Beth Dunagan tells of lifelong relationship with historic Sperry Chalet

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The extended Luding family with author Beth Dunagan on the left. (Courtesy photo)

Beth Dunagan’s “Welcome to Sperry Chalet” reminds us of the joys and quieting awe that Glacier National Park brings us year round. Sharing her personal experiences with Sperry Chalet from 1954 to 2007, it is a heart-warming story of deep and binding love — long term family and friend relationships, connected to a unique hotel home for visitors and family together, in the calming quiet and natural beauty of Glacier’s remote backcountry.

The story starts with the author, at the tender age of 9, beginning a life of work, play, and discovery that centered around the Sperry Chalet. A little girl out climbing mountain peaks and rappelling down cliff faces with her cousins, befriending mountain goats, and collecting bugs with visiting naturalists. A child’s innate curiosity on steroids. With such an early and front row exposure to the Park’s majestic wonders, it is no surprise that an early career decision was born.

“I went to Sperry when I was 9,” Dunagan says. “When I was 10, all the naturalists had come up, and they were doing programs. They’d come up, bring a group, spend the night, take people through Glacier and then leave. When I was 10, I knew what I wanted to do in life.”

While many of Dunagan’s female classmates went to Whitman Secretarial College in Spokane after high school, that was not the path for Dunagan. After starting her family, Dunagan finished college at age 26 in 1971, and successfully pursued a career that would eventually realize her childhood Glacier dream. The experience of 10 childhood years living at Sperry was the key to winning over her job interviewer, and resulted in a 24-year career at the Park doing everything from starting campfire programs at Avalanche Campground to supervising the Park’s library.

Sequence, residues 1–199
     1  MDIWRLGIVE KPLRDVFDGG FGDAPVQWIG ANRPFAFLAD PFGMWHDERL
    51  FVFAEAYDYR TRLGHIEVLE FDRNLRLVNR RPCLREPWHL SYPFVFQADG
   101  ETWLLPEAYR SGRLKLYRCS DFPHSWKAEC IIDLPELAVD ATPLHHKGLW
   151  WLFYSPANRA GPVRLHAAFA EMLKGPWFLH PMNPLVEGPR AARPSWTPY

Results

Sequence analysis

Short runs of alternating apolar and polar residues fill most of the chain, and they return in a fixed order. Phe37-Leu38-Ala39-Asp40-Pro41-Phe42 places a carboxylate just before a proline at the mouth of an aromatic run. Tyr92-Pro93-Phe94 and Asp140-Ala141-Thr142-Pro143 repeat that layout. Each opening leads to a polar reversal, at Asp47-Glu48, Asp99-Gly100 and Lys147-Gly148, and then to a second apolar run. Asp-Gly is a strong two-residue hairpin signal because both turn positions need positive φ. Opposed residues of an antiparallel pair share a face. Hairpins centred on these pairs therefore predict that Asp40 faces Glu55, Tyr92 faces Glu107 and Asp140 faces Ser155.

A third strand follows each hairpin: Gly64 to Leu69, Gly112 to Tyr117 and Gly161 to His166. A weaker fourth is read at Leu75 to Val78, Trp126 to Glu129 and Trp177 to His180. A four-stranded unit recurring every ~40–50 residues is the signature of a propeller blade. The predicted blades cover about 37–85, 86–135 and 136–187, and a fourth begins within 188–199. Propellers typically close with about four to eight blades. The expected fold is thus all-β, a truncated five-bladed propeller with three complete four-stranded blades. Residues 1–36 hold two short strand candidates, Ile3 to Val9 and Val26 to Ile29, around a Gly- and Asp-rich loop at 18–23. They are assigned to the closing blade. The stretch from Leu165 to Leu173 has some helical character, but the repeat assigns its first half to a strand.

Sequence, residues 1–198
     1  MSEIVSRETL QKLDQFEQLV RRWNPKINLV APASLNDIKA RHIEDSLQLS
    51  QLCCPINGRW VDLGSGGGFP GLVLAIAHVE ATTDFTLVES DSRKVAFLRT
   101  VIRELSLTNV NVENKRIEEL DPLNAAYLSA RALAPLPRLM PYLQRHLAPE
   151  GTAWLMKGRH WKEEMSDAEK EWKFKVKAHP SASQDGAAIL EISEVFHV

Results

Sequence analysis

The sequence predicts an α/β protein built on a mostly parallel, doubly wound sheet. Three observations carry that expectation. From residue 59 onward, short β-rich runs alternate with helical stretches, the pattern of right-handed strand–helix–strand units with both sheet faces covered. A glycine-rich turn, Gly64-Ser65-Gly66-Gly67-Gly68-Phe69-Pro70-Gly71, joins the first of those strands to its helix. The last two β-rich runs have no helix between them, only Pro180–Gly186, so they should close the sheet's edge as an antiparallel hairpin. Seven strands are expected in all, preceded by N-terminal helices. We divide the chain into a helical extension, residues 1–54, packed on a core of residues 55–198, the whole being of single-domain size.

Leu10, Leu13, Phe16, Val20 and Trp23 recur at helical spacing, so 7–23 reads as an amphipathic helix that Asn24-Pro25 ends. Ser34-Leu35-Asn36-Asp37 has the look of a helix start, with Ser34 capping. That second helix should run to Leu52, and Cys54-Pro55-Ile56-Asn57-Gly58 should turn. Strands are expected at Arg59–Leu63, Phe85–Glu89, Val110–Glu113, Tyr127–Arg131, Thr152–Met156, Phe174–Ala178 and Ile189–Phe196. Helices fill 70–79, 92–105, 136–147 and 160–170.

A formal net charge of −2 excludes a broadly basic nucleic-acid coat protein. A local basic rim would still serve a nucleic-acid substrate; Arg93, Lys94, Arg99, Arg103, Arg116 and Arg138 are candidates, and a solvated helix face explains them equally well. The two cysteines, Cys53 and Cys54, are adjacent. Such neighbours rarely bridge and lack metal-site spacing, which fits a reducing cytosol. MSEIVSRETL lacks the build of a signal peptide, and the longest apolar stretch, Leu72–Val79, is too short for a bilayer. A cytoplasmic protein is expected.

“After work at 4:30 p.m. I’d drive back to Whitefish, pick up my daughters, drive back up to Avalanche and feed them a picnic lunch in the car,” she said. “We’d get the wood and build a fire. I’d make coffee and walk around the whole campground and invite everyone to a campfire program. After my childhood experiences at Sperry, it was a natural thing for me to do, and I loved it.”

Family Foundation

Of course, all these experiences are built on the Luding family foundation.

“A lot of the people here came from homesteader stock, just passed down a couple of generations,” Dunnagan said. “My cousins and I, we all learned growing up picking berries and helping with the horses. We were active outdoors.”

It is here that Kay Luding, the author’s aunt, grew up in Martin City, got married to Ross Luding and proceeded to raise a family until Hungry Horse Dam was completed July 18, 1953. The Luding family took a leap of faith and unknowingly embarked on a lifetime calling, running Sperry and Granite Park Chalets in Glacier. And what a journey of family memories it was.

Uncle Ross hiked up to Sperry daily, picked up food orders, hiked back out, bought food and supplies in town, got them to the outfitters, and helped to pack the horse supply trains and then repeated the process for Granite Park Chalet. Aunt Kay, cousins Lanny and Barb, the author and a few hired help cooked the food, washed the dishes, got rid of the trash, cleaned the rooms, washed the sheets, repaired leaky roofs and performed a myriad of general maintenance tasks at Sperry. Most importantly, the family staff took great pride in taking care of the guests like they were family.

Early Visitors

But the “other duties as assigned” challenges were clearly secondary to the collective wonder of their physical surroundings and the endearing stories that came with the menagerie of visitors that were welcomed to the Sperry Chalet home.

“We had older women who came up in maxi skirts,” Dunnagan said. “We also had a few of the hippie types and they’d walk up with their rubber thongs. We would just look at them, and say ‘you made it up the trail, congratulations.’”

“We’d get some people who would just get off the train at Belton (West Glacier now) and take the bus up to Lake McDonald and spend the night, and then they would hike in,” she said. “We had a lot of blister problems from people who didn’t have the proper foot gear. We rescued a lot of people because they didn’t have the proper clothes. And if the weather was inclement, we’d have to thaw them out or dry them up. If it was really cold, we’d heat up old rod irons on the stove and wrap them and send them up to bed to warm their toes at night. We took care of them however they needed.”

The book “Welcome to Sperry Chalet” is available at the Whitefish Community Library.

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